Speaking of folks who died last week, Bob Guccione (probably my favourite pornographer of all time, whose effect on my own budding tastes would be well nigh impossible to overstate) finally succumbed to cancer last Wednesday after years of ill health and poor fortune.
I regret I can't really do the man any kind of justice here in a blog tribute: there's simply too much to say about Guccione, too much ground to cover - his roots as a painter, inauspicious beginnings running a chain of laundromats (cleaning other people's dirty sheets, ha ha), his global adventures and increasing sophistication... Penthouse magazine's initial delivery scandal and subsequent sales phenomenon, its introduction of pubic hair to magazine viewers, the combination of "sex, politics, and protest" - as their byline put it - frequently running expose stories on government corruption and the like.
"We followed the philosophy of voyeurism," Guccione told The Independent newspaper in London in 2004. He added that he attained a stylized eroticism in his photography by posing his models looking away from the camera. "To see her as if she doesn't know she's being seen," he said. "That was the sexy part. That was the part that none of our competition understood."
Penthouse had the best photography of naked women available, and that was probably its chief virtue, plain and simple. Guccione himself was often behind the camera, devoting painterly aesthetics (and what appeared to be large amounts of gauze) toward creating boudoir fantasies that were their own little soft-focus world, sometimes taking days to complete a shoot. Arty photography was a mainstay of the magazine's pictorials and, later on in the 1990s, I for one thrilled to Tony Ward's B&Ws.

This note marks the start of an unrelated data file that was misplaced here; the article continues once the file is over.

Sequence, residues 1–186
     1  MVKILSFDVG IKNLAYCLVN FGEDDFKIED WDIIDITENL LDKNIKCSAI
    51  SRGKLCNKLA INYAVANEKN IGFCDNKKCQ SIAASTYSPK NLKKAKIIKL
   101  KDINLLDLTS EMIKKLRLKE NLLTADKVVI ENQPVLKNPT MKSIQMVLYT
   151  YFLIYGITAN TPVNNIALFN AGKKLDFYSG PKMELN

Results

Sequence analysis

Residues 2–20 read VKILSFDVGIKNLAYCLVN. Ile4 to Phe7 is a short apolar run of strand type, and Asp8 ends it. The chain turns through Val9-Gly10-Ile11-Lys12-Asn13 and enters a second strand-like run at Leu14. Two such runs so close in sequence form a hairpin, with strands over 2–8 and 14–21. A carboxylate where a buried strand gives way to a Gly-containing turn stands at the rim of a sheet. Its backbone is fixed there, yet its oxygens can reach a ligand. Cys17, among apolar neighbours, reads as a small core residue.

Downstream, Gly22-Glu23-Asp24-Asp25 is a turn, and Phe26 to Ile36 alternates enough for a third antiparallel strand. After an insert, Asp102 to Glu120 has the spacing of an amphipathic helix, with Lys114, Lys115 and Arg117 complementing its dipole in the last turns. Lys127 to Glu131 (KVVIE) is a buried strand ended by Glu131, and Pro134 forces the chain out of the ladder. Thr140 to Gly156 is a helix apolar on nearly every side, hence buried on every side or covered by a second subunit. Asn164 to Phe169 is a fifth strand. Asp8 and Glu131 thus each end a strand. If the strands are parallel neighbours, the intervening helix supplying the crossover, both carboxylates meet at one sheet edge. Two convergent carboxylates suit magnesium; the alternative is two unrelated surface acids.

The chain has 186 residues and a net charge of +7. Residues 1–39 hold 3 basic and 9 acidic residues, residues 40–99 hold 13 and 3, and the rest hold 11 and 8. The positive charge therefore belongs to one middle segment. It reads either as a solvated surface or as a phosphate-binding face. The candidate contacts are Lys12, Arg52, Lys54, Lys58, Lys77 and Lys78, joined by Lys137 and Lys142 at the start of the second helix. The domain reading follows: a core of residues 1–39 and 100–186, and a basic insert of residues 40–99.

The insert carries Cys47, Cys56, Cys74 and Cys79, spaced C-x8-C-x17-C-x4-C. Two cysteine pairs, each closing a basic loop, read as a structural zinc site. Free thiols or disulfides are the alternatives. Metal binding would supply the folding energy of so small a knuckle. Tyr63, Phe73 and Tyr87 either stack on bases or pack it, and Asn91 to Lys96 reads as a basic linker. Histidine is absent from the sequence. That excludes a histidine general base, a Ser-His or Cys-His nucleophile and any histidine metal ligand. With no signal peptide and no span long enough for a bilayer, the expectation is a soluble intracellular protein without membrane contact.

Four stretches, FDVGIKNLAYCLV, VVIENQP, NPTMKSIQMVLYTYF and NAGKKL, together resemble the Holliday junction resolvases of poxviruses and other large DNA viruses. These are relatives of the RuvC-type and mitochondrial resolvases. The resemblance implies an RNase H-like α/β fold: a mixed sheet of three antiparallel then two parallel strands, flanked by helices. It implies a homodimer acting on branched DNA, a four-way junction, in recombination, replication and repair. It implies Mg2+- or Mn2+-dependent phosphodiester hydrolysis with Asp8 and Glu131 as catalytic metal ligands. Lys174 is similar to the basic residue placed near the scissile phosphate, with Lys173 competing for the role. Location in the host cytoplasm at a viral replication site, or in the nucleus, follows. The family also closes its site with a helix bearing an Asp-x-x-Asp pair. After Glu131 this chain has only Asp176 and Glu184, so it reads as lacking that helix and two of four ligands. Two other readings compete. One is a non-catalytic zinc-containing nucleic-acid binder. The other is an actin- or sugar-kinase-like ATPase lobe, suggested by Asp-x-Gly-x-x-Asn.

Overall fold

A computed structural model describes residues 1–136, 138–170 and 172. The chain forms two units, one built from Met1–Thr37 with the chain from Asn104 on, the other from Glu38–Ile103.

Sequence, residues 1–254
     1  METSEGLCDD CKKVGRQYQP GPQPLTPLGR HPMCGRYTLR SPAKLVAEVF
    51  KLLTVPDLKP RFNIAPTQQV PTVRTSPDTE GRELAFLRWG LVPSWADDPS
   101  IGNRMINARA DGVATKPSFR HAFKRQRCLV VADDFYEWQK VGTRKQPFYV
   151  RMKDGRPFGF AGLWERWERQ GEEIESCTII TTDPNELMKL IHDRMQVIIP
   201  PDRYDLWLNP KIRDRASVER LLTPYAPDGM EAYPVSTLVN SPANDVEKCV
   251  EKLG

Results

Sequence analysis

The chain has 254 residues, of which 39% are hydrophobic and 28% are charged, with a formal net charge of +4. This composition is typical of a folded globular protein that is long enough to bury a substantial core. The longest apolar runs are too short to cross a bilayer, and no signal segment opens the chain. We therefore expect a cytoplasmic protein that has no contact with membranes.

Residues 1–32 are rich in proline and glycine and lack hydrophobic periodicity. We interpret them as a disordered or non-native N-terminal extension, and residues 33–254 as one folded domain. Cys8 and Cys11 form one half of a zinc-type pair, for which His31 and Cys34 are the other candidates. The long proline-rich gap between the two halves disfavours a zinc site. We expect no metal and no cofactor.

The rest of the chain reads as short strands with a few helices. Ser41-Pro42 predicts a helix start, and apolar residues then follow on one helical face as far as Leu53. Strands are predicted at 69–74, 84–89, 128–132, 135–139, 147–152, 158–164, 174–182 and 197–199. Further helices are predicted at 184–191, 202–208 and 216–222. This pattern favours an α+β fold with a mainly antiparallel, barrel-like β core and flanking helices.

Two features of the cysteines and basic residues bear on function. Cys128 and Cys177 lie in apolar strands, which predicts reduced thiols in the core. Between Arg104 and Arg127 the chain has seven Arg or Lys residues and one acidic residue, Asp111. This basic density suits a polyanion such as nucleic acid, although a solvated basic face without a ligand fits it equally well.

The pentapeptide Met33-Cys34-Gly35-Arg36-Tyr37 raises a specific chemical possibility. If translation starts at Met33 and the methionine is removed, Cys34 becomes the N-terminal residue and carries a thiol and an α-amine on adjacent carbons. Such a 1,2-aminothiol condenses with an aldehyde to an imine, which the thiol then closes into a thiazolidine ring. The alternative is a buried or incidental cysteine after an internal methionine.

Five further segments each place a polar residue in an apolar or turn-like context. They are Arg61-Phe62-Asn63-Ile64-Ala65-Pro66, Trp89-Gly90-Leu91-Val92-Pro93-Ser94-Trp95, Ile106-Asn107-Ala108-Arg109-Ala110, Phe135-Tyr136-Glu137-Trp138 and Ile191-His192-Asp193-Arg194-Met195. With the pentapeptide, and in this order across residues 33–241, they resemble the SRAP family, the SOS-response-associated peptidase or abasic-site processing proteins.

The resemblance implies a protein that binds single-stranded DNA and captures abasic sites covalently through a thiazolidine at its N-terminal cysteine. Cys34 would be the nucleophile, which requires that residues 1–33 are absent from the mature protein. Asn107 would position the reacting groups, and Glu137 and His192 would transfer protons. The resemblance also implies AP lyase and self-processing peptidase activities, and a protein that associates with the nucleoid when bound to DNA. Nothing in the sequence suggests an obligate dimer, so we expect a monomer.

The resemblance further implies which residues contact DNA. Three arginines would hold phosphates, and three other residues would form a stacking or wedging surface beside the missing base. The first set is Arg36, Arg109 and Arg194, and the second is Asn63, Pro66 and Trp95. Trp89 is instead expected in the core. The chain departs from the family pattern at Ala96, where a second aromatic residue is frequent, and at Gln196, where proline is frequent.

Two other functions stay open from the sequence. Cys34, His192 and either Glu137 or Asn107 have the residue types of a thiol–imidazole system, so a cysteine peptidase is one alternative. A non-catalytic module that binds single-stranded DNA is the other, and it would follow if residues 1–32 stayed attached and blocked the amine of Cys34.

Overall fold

But I digress. Penthouse had the best comics in the back, Penthouse Forum (worthy of a post in and of itself), Xaviera Hollander writing an advice column, genuinely interesting articles and insightful interviews with big name personalities and thinkers, a sense that sexuality was something worthy of exploring and considering, a willingness to feature kinks and unusual behaviour, even some good fiction occasionally.
Of course, in addition to publishing Penthouse, Guccione gave the world Omni, Viva, Newlook, Longevity, and, in conjunction with his son Bob Jr., Spin. Also, the singular cinematic sex gross-out saga of all time, Caligula. Celebrity photo shoots we all know and love. The Penthouse Pets. Then too a failed casino and nuclear power plant. By the end of his life, Guccione had sadly fallen out with much of his family, and (like another NYC pornographer we've looked at here) done the whole rags to riches thing in reverse.
Of all the porn that was around when I was growing up, Penthouse was by far my fave, better even than the odd expensive hardcore mag one might chance across. Like a lot of people at that time, I found Playboy boring and fake, Hustler gross and ugly. By contrast, Penthouse Pets, the Forum, Call Me Madam, Wicked Wanda -- this was a world of exotic, self-assured and often dominant women, women who would gladly lead you into kinky sex adventures if only the opportunity presented itself (or so it appeared).
For all that, I say thank you, Mr. Robert Charles Joseph Edward Sabatini Guccione.